What are you doing here? Why are 'Tech' companies listed under 'Plumbing'?
One recent morning I was surprised by a package on my driveway. It was wrapped in plastic and inside was a telephone directory. More important than what was inside the plastic wrapper is what was inside the book. It was the “yellow pages.” [NOTE: “Yellow Pages” is a trademarked and copyrighted thing. In this article the author is using a colloquialism for the business listings of the telephone directory he found in his driveway, which are commonly printed on yellow paper. – Ed.]
Out of habit and curiosity, I turned to the plumbing category; over the years I have done that drill dozens of times. There was a time when my company, Plumbing Doctor, was in every phone book in my market sphere of influence. And we were there with a big presence. Usually it was a full page, or double truck (that is a two page ad) ad, in full color. But not anymore, and for good reason; it does not produce for us nearly as well is it once did. It is no longer a good return on our investment. I have learned to invest in online strategies.
As is, or rather was my custom, I looked at the ads in the “yellow pages”-type directory to see who was still using that media, and I got another surprise. I was surprised to see a technology company advertising under the plumbing category. That piqued my curiosity, so I went to the online “yellow pages” and found many technology companies advertising in the plumbing category.
Let me point out the technology companies in question don’t provide plumbing services. So, then, what’s the deal? Why would a technology company advertise in the plumbing category? What is it they want? I’ll tell you exactly what they want. They want what you should want and be fighting for: Your customers.
First, I want to expand on what these technology companies do, since we know they don’t do plumbing. They are lead generation machines. Specifically, they are known as “Online Lead Generation” companies. Online lead generation is an Internet marketing term that refers to generating prospective consumer interest or inquiry into a business’ products or services. Leads, also known as contacts, can be generated for a variety of purposes: list building, e-newsletter list acquisition, building out reward programs, loyalty programs or for other member acquisition programs.
They use technology and the internet to acquire consumer data. They aren’t after jobs, they’re after consumer data. They are building a list. They seek a consumer with a plumbing problem. They capture the consumer data (i.e. name, address, phone number, credit card info and so on.) Then, they sell a small piece of that data to you and other plumbers in your area. You had better be quick and cheap because there will likely be competition scrambling to land that dripping faucet job.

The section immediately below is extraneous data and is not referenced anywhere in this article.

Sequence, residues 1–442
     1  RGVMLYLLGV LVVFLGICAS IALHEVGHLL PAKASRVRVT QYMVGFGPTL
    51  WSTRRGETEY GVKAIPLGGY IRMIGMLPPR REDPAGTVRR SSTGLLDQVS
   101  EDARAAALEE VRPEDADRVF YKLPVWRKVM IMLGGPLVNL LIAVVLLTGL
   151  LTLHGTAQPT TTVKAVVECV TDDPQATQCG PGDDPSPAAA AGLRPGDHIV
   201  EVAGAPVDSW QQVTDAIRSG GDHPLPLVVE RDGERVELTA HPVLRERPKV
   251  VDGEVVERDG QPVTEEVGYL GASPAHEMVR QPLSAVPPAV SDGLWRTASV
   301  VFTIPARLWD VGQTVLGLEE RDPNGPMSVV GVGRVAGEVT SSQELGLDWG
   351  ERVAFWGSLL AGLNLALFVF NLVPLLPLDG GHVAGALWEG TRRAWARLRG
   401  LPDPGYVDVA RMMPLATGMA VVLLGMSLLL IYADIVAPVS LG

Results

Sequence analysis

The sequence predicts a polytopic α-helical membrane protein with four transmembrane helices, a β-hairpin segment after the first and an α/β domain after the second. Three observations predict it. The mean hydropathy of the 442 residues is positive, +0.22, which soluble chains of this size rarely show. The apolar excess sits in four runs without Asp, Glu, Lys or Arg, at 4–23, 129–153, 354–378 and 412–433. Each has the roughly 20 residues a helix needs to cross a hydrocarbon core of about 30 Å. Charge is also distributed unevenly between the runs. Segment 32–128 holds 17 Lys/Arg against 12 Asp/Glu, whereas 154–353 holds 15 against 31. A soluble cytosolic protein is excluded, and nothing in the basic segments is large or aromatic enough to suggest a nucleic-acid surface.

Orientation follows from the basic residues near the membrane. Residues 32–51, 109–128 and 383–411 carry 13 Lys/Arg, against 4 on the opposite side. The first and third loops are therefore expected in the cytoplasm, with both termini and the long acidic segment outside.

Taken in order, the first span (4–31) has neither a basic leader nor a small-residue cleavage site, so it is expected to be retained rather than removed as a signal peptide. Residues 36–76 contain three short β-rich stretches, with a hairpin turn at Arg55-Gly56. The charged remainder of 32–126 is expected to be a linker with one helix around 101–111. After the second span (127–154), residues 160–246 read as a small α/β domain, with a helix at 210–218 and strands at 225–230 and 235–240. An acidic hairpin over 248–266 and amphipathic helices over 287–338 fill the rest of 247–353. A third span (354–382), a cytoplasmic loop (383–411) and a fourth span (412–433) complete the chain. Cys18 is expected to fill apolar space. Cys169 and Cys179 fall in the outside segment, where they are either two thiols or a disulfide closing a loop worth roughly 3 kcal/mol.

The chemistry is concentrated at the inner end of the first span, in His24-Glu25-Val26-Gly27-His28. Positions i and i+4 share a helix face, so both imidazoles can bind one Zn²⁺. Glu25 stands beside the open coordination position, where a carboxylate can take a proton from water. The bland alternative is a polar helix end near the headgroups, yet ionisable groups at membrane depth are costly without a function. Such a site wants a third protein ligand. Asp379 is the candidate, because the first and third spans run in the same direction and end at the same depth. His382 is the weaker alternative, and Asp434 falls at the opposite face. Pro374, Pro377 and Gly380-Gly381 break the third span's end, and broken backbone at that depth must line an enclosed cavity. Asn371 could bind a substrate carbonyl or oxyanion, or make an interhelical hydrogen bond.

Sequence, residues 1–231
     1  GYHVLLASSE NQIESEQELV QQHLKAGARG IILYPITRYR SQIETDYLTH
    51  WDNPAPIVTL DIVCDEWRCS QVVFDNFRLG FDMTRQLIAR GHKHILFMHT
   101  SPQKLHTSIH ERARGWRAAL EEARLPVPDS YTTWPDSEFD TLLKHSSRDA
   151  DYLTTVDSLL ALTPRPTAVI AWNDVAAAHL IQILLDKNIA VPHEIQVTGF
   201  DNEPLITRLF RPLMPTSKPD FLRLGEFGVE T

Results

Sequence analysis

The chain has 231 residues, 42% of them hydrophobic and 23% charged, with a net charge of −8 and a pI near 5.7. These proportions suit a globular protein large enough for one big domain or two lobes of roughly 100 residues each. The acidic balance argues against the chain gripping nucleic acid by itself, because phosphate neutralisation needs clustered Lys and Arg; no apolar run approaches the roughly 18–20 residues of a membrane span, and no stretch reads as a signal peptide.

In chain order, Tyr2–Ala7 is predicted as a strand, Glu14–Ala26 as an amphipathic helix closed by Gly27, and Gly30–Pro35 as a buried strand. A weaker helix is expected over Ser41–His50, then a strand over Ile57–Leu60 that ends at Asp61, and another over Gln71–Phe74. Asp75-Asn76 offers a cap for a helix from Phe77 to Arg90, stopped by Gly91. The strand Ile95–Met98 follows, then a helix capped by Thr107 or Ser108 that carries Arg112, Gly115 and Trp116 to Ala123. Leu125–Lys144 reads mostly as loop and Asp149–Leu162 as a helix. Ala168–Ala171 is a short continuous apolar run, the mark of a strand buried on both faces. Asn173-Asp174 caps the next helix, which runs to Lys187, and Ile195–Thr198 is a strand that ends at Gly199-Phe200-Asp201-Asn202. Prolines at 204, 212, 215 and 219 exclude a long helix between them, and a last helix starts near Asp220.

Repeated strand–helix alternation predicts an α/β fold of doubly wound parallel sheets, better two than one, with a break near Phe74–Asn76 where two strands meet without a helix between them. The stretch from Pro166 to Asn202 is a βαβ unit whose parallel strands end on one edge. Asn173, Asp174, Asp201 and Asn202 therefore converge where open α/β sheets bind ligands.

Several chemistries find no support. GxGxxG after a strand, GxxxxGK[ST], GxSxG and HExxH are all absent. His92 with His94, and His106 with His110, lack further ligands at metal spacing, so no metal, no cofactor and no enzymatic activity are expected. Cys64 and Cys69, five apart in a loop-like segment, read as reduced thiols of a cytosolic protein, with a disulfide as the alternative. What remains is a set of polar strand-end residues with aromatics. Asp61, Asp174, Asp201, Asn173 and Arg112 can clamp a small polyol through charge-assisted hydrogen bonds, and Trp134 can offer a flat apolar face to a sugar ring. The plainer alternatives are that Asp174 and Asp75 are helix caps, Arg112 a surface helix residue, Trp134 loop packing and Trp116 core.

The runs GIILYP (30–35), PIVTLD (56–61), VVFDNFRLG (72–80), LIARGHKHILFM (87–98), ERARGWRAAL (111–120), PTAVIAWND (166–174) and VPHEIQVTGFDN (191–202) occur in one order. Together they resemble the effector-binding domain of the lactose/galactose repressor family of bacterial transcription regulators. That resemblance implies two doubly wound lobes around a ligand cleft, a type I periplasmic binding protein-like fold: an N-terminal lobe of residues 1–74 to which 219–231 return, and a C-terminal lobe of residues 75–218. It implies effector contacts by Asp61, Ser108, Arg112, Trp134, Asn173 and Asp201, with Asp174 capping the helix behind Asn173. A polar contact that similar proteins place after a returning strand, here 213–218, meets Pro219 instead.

Often the price of the job is determined by the online lead generation provider. Usually, the payment for services rendered is made directly to the online lead generation company and you will get your fair, or maybe your not-so-fair, share.
The customer is not your customer, it is the online lead generation companies’ customer. You are likely restricted contractually from upselling or from proposing add-on sales. And you are certainly not free to solicit that customer for future work.
What is happening here is that you have become dependent upon the lead generation company to provide work for you. You are an employee! Maybe not legally, yet, bet perhaps in spirit.
Consider it the Uberization of the plumbing service industry.
Uber has changed the personal on-demand transportation industry, formally only known as a taxi. The courts are deciding and lawyers are arguing about whether an Uber driver is an Uber employee or an independent contractor (i.e. small business owner.). Consider that the driver of the Uber machine uses his or her own personal vehicle, does no marketing or advertising and only services the patrons of Uber, for the price that Uber dictates. Do they have a business? What can they sell as part of their exit strategy, a used car?
How long, I wonder, before it’s legally determined that the plumber who is getting clients from the online lead generation companies is really an employee of said company? After all, you are using your own personal vehicle, but, servicing their patrons for the price they decide and do little to no advertising? What can you sell as part of your exit strategy, a used truck?
Traditional taxi companies are feeling a pinch I’m sure, as are most taxi drivers. Complain as they may, if there wasn’t a need Uber wouldn’t have disrupted the industry. If the taxi industry had recognized perhaps there was a more excellent way, they could have set the trend instead of bucking the trend.
We can learn a lesson from the taxi cab.
What the online lead generation companies want are your customers. The real value of any enterprise is the customer list, its loyal patrons that can be harvested over and over again for decades. It is the customer list that matters and it is what we should be fighting to keep.
I expect we will see the cannibalization of the online lead generation companies. There are too many entering the space of the home services sector and only the strong will survive. I’ve been watching this trend for a while and know of some players who are already gone. They have vanished along with their investors’ cash.
So I ask you. Where is your company’s value? Is it in used trucks and worn tools? Absolutely not, it is the brand consumers identify with. It is the list of those consumers that adds value to your enterprise. In my experience the best way to guard against being Uberized is by becoming a known, local brand in the market you service. Tech companies see the value of the consumer, it is practically limitless, why let your value be hindered by a computer?
The Doctor is Out…